Anti-gay vandals deface plaque honouring last men burnt to death for homosexuality in Paris
A plaque honouring the last two men sentenced to death for homosexuality in France was defaced by anonymous vandals.
The Paris memorial was covered in dark paint and papers suggesting that only straight men are fit for the purpose of procreation, an act mayor Anne Hidalgo condemned as “a shameful display of homophobia” on Monday.
This is the second time in a few months the plaque was subject to homophobic attacks—in May, vandals burnt a bouquet of flowers left on the spot to commemorate the international day against homophobia and transphobia (May 17).
Mayor Hidalgo unveiled the plaque in 2014 in honour of Bruno Lenoir, a cobbler in his 20s, and Jean Diot, a 40-year-old servant, who were arrested in the spot marked by the memorial stone on January 4, 1750, for being homosexuals. They were sentenced to death and burnt alive on July 6 that year—marking the last execution for homosexuality in the country.
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Hidalgo shared a picture of the vandalised plaque on Twitter, saying the homophobic act was “shocked” her.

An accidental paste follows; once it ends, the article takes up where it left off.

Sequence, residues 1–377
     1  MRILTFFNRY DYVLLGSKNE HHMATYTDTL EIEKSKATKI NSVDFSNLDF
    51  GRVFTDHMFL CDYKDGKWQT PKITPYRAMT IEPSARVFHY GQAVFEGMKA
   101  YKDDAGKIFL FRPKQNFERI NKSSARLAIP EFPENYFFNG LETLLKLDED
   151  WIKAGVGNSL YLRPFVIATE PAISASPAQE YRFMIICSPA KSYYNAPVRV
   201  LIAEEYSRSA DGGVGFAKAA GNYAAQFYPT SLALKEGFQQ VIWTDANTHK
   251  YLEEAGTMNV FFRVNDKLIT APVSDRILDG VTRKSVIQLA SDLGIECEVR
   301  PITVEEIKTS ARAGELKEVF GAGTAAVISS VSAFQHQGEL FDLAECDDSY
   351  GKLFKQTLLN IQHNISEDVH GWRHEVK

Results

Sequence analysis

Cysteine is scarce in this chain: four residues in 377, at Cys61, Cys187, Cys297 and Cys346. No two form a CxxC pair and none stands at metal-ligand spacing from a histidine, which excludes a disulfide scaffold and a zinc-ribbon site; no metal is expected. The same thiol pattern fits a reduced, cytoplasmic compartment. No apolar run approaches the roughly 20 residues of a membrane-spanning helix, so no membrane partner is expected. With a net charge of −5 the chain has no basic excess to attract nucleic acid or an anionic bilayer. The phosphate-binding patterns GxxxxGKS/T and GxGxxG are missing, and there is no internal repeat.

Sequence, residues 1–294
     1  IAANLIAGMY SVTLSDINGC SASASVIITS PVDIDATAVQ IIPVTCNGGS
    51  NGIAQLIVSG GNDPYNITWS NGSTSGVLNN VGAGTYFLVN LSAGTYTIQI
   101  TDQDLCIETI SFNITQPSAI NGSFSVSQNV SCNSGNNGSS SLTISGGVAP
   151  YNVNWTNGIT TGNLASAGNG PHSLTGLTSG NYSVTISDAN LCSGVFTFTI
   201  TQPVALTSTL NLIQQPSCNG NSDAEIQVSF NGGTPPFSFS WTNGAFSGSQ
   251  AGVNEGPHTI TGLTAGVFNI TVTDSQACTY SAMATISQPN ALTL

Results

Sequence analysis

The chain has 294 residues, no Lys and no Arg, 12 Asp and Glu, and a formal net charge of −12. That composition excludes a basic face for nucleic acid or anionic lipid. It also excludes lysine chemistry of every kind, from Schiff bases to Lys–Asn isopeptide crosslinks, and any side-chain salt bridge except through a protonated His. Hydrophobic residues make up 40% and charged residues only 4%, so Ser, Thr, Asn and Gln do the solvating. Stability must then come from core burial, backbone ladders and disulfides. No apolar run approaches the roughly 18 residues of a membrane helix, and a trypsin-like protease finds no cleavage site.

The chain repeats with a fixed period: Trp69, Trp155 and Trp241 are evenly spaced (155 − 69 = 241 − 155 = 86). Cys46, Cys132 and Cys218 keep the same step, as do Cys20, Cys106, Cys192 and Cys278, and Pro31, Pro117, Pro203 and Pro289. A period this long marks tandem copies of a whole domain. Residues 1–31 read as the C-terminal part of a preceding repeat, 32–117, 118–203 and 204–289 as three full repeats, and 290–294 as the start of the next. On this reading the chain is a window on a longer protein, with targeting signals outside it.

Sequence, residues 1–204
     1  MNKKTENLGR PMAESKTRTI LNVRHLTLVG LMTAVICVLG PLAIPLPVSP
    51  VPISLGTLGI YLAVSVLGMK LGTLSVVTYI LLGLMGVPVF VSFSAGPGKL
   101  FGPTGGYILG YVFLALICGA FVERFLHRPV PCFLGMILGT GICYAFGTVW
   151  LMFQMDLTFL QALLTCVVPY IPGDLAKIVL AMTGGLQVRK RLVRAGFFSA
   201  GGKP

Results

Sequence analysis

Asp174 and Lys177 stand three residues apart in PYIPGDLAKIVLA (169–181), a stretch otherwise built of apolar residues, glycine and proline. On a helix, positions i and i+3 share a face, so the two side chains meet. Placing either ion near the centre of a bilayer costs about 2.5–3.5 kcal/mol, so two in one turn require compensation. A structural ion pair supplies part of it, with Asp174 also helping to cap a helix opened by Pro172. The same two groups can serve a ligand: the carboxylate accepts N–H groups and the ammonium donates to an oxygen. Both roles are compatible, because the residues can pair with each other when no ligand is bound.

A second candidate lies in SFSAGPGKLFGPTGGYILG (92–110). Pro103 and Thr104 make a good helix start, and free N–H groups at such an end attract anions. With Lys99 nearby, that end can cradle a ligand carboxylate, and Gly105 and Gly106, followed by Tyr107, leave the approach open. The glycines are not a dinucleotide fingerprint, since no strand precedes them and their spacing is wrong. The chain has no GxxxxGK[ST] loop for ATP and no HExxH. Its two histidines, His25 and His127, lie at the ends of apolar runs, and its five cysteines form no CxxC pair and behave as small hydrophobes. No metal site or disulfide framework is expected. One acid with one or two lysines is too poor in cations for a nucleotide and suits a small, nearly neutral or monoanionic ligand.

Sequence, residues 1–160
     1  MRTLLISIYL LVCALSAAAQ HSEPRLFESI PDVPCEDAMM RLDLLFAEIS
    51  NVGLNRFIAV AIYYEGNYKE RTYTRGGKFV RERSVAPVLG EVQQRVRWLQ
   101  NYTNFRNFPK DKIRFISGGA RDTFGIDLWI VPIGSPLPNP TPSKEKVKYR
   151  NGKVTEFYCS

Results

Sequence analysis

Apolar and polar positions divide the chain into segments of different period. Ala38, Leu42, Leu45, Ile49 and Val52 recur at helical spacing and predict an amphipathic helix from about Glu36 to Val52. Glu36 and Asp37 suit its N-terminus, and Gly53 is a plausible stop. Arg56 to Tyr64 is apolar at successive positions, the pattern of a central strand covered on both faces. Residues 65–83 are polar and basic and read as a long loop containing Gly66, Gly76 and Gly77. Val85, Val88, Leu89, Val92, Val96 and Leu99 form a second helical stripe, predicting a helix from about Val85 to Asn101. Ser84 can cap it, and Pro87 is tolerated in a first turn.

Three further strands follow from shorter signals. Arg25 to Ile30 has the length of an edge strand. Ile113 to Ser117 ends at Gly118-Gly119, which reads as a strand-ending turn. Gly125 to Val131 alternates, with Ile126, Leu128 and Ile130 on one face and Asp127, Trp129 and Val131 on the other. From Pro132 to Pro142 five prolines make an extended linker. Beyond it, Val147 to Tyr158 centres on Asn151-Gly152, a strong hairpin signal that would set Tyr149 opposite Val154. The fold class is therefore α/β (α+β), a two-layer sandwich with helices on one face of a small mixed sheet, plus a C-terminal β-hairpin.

“I am shocked by this new shameful display of homophobia! This plaque honours Bruno Lenoir and Jean Diot, the last men sentenced to death for homosexuality. This act only serves to strengthen our determination to fight against all discrimination,” she wrote, ending her tweet with the hashtag #LoveWins.
The damaging of the plaque took place just as the 10th edition of the Gay Games 2018 kicked off in the French capital, attracting more than 10,000 athletes representing 91 different countries, including 20 where homosexuality remains illegal.
The plaque isn’t the only LGBT+ symbol in Paris that was recently subject to homophobic acts. In June, a rainbow crossing painted in occasion of the Pride march in the heart of the LGBT+ neighbourhood Le Marais was defaced twice in the same week by vandals who covered it with paint and scrawled homophobic messages, including “LGBT get out of France” and “LGBT dictatorship.”
In response, Mayor Hildalgo decided to make that crossing permanent, and stated that more Pride-themed crossings will be added around the city.
According to French LGBT+ rights charity SOS Homophobie‘s annual report, acts of homophobia in the country are on the rise, with the number of physical attacks due to anti-gay sentiment in the country jumping by 15 percent from 2016 to 2017.